A Singapore-flagged oil tanker was hit by an explosion off Saudi Arabia’s port city of Jiddah. According to reports, the explosion took place because of an external source. All 22 sailors on board escaped without injury, but there might be some chances of an oil leak.
A statement from the Hafnia indicates that the vessel was “hit from an external source whilst conducting discharge operations at Jeddah. This resulted in fire from the explosion which was extinguished with the vessel has hull damaged. All 22 crew aboard were unharmed. The Master immediately ceased all discharge operations and enacted emergency procedures onboard.
The crew extinguished the fire with assistance from the shore fire brigade and tug boats. Hull damage has occurred at 5P WBT (water ballast tank 5 on the port side) and 4P COT (cargo tank 4 on the port side).
It is possible that some oil might have escaped from the vessel, but this has not been confirmed and instrumentation currently indicates that oil levels on board are at the same level as before the incident.
Cooling procedures and inerting of cargo space have been initiated to avoid reignition of fire. Ship stability is being assessed before proceeding with any further operations.
BW Rhine is owned and operated by Hafnia.
Hafnia has activated its shore-based emergency response team. All relevant authorities have been advised of the incident and Hafnia is working with them to ensure the ongoing security of the crew, vessel and environment.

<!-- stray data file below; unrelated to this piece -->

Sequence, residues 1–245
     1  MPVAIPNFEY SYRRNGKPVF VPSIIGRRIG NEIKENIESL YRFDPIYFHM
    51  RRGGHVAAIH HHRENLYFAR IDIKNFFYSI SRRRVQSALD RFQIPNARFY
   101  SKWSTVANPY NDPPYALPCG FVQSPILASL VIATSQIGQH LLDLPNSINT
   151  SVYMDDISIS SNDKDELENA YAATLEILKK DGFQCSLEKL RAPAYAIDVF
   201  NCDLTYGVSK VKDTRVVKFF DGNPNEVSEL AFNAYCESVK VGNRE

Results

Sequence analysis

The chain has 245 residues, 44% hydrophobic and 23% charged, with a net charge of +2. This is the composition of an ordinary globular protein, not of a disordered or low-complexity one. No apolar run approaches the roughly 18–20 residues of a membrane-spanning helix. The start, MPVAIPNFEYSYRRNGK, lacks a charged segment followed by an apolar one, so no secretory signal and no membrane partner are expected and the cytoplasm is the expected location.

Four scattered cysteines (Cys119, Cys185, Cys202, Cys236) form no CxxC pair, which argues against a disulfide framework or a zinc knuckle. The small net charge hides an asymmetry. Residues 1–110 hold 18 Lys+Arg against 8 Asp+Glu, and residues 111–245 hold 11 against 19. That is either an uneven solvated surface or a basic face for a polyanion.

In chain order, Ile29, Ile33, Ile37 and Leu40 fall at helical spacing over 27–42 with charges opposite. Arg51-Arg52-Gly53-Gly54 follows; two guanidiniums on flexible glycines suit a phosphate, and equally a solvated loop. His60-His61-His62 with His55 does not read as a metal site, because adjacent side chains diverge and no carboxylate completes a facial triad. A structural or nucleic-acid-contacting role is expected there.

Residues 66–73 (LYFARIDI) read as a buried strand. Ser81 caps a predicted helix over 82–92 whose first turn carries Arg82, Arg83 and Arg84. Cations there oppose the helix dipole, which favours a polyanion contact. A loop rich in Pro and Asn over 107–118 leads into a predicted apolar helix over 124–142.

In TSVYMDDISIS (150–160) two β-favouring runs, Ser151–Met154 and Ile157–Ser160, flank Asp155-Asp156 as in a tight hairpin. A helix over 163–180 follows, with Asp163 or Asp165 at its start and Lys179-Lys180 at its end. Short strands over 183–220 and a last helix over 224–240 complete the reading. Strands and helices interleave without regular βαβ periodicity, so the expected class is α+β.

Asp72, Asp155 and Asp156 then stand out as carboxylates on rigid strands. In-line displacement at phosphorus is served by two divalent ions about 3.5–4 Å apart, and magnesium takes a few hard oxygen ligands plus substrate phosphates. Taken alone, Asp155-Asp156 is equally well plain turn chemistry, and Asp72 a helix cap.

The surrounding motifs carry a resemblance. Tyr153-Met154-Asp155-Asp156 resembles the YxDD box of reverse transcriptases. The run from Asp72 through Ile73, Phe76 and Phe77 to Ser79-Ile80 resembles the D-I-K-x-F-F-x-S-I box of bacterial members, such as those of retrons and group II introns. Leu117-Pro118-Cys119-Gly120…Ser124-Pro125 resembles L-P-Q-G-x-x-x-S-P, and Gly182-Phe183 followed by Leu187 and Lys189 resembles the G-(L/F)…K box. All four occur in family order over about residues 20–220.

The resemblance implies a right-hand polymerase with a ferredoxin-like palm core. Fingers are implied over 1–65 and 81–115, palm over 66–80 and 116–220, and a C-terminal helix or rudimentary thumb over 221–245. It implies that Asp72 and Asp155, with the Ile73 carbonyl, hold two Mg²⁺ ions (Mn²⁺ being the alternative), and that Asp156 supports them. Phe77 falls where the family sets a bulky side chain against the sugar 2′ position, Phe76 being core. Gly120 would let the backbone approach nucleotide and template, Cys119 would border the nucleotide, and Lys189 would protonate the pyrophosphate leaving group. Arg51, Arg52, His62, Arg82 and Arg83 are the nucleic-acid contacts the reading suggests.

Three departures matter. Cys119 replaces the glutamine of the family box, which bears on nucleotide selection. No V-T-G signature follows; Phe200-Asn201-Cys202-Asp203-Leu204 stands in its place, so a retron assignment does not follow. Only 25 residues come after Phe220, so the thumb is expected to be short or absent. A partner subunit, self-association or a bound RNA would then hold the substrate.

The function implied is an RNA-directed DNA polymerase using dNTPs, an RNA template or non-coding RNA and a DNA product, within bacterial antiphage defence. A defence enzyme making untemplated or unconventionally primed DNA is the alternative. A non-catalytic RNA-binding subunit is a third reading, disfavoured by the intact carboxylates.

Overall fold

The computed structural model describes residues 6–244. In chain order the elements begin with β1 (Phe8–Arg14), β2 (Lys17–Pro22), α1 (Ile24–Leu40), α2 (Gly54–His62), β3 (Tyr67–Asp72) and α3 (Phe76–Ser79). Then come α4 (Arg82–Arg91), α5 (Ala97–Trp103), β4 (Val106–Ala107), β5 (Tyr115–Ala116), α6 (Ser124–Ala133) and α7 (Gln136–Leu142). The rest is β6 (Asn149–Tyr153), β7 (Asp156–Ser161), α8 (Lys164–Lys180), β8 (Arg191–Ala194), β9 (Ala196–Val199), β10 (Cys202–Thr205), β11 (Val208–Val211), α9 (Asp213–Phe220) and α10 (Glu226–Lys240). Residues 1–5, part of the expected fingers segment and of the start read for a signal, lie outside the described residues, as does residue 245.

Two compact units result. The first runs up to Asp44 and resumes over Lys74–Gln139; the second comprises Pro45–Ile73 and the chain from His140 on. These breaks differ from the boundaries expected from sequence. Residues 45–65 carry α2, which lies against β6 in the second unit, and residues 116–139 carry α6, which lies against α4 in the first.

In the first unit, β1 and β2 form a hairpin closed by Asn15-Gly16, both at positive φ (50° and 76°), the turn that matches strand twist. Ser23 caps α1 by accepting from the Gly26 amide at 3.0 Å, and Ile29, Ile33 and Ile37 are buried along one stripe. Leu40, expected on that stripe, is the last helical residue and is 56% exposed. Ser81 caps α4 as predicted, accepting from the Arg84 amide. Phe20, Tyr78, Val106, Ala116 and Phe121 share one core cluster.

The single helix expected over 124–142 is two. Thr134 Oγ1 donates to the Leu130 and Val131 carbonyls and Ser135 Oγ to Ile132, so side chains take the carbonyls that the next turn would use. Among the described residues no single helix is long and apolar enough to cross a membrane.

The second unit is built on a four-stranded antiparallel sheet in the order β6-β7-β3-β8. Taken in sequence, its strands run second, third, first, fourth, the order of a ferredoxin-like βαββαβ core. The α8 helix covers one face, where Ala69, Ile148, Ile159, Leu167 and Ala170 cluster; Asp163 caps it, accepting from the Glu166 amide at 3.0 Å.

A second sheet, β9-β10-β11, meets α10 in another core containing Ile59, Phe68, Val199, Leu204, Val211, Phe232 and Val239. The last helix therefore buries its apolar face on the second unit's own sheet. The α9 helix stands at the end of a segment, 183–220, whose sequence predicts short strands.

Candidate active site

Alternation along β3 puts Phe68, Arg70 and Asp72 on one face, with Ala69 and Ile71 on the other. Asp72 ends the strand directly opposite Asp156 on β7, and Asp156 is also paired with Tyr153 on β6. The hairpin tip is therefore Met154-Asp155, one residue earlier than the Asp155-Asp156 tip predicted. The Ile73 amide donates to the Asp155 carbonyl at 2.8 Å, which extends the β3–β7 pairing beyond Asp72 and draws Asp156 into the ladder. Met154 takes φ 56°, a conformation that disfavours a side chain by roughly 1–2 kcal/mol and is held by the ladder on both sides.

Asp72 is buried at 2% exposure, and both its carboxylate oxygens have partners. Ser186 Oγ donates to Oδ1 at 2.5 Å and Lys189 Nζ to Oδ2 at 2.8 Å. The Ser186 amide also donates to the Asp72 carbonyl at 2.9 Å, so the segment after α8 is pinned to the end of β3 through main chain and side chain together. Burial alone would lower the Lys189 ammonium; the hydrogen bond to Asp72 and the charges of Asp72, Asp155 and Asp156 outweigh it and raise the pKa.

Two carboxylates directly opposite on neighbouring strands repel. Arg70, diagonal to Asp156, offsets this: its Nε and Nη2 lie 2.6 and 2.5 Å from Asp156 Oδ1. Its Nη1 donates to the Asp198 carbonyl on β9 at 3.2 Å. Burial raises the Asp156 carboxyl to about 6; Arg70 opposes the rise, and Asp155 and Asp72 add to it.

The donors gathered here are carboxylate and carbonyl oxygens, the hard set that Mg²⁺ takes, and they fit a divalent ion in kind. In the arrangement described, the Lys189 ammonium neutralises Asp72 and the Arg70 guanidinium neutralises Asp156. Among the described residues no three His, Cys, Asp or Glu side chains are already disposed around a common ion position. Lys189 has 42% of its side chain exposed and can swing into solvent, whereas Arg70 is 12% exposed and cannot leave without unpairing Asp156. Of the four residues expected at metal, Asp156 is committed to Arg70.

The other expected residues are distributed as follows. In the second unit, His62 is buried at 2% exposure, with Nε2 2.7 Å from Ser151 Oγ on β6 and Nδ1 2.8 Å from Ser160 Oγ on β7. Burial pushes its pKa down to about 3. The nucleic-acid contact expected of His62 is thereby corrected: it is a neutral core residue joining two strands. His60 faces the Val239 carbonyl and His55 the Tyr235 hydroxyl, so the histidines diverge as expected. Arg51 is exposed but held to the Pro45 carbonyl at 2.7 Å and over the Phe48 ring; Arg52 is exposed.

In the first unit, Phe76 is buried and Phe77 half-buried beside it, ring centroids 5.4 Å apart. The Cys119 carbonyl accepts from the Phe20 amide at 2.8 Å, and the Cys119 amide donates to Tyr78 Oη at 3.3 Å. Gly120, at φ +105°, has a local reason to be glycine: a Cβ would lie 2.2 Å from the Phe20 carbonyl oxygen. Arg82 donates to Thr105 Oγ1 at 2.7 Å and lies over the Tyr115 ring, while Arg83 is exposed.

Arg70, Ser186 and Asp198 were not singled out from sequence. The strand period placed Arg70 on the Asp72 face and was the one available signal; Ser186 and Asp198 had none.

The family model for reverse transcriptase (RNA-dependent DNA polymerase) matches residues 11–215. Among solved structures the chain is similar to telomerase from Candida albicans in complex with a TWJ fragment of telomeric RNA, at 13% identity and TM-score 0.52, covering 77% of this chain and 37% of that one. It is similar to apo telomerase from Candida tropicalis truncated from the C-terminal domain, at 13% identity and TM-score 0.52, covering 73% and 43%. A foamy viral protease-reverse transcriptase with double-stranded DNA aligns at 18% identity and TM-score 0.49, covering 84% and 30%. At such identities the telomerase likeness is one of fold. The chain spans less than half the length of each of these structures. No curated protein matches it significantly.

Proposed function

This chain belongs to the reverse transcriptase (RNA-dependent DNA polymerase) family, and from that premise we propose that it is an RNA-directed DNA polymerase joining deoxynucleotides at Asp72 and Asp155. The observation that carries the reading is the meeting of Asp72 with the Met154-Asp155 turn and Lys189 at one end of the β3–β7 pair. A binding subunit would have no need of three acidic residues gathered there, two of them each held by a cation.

Previous incidents have involved the use of Waterborn IED against vessels with the latest attack occurring at the Port of Al Shuqaiq on the 23rd November 20.
Attempts at targeting vessels and ports via such methods are reported with the relative frequency with the previous reporting indicating that Saudi forces interdicted and destroyed an attempted WBIED targeting the Saudi port of Jizan on the 13th November 20.
Additional incidents have involved vessels being struck by drifting sea-mines with Saudi naval forces having reportedly destroyed Houthi and Iranian mines on the 14th and 24th November 20 respectively. In addition, such an incident was reported to have occurred against the Greek-owned, Malta-flagged Aframax tanker whilst loading at the Rudum Terminal off the Yemeni south coast on the 03 October 20.
Incidents within the Red Sea have previously occurred however remain uncommon. Notably, these have involved the targeting of the Saudi flagged vessels in transit by Houthi Rebels in the vicinity of the Hanish islands. Previous incidents within the Red Sea have also involved the targeting of the Iranian flagged MT Sabiti in 2019 offshore Jeddah.
This latest incident remains unclear however the presence of Houthi rebels offshore and 300nm north of their usual area of operations would represent a fundamental shift in both targeting capabilities and intent. If the incident is determined to be the result of malicious intent, it remains unlikely that such an incident was perpetrated by Houthi rebels targeting vessels off Jeddah with a methodology similar to that seen offshore Al Shuqaiq and Jizan.
If indeed the vessel has been targeted by an explosive device it remains a realistic possibility that the vessel was targeted via the presence of limpet mines, similar to that seen deployed by Iranian forces within the Gulf of Oman in 2019.